A federal judge ordered North Carolina on Wednesday to block a measure that made it easier for voters who forget witness signatures to fix their ballots, according to reports.

Judge William Osteen issued an injunction requiring state officials to revise a directive issued Sept. 22 that allowed voters to fix a lack of a witness signature by returning an affidavit and not casting a new ballot from scratch. However, he said he wouldn't block that kind of fix for small errors such as an incomplete witness address or a signature in the wrong place.

Osteen, who was presiding over three elections-related lawsuits, struck a middle ground between voting rights advocates concerned about due process for voters with ballot problems and Republican leaders who wanted even stricter rules for the mail-in ballots.

Still, Osteen complained Wednesday that the State Board of Elections had created rules that conflicted with a ruling he issued in August upholding the overall witness requirement but requiring that voters be given due process to fix minor ballot errors.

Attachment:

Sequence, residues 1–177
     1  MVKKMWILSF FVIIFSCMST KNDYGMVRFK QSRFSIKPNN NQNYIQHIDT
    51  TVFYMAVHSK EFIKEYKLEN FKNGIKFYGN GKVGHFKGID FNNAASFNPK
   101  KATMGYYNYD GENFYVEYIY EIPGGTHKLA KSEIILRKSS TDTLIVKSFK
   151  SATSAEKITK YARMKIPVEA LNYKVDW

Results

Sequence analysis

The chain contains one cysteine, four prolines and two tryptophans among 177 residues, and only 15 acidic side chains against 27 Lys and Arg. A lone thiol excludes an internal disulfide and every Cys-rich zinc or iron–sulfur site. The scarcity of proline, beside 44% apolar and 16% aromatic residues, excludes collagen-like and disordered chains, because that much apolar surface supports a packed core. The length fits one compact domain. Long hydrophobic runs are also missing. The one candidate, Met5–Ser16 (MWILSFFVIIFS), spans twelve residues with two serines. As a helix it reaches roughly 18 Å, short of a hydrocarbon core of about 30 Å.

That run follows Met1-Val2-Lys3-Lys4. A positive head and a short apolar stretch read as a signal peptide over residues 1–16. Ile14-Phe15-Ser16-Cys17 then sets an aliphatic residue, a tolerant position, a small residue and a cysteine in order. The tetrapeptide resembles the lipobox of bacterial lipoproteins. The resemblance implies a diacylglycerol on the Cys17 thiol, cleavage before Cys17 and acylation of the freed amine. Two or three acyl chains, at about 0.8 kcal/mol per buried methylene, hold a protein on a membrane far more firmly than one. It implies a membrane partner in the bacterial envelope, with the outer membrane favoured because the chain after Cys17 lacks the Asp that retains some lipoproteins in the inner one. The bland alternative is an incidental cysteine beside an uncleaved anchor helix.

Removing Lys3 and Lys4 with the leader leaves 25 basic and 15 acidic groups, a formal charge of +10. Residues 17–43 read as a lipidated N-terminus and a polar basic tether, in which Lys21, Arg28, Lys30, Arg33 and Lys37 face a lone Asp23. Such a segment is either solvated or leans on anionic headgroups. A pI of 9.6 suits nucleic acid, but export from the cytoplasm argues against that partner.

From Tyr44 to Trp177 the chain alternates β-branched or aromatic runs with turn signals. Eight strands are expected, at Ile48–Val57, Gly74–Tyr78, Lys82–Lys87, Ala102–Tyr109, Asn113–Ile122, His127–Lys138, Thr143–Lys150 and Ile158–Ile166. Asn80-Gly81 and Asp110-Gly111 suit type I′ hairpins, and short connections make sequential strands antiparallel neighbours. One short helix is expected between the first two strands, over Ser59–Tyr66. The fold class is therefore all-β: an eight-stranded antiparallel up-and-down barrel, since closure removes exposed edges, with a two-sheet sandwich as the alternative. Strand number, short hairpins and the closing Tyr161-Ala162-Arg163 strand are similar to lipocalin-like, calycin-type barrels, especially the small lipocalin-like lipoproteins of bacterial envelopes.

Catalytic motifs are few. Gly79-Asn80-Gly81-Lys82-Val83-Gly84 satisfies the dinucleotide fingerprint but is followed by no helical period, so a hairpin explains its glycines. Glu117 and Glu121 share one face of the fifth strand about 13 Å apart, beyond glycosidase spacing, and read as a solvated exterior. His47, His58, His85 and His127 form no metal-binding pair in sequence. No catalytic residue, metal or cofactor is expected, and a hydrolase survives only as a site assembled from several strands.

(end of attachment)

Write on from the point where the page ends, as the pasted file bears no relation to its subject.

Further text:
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The procedure announced in late September for fixing incomplete witness information "clearly subverts this court's findings in its August Order by effectively eliminating the contemporaneous witness requirement."

Ballots with incomplete witness info and other deficiencies have been in limbo since at least Oct. 3, under instructions from the state board to set them aside and take no further action pending court rulings.

State law requires absentee voters to have another adult serve as a witness to their ballot and sign the envelope containing it. The state had recently developed a new procedure to allow voters to fix incomplete witness information by returning an affidavit to county officials, but without filling out a new ballot from scratch and having it witnessed again. Those updated rules, developed in response to a separate legal challenge in state court, have been on hold pending the lawsuits Osteen is hearing.

State and national Republican leaders including President Trump's campaign argued in two federal lawsuits that the changes would usurp legislators' power to set election rules that are enshrined in the U.S. Constitution. They also argued that the more lenient way of fixing witness problems would dilute the votes of those who followed the original, stricter instructions.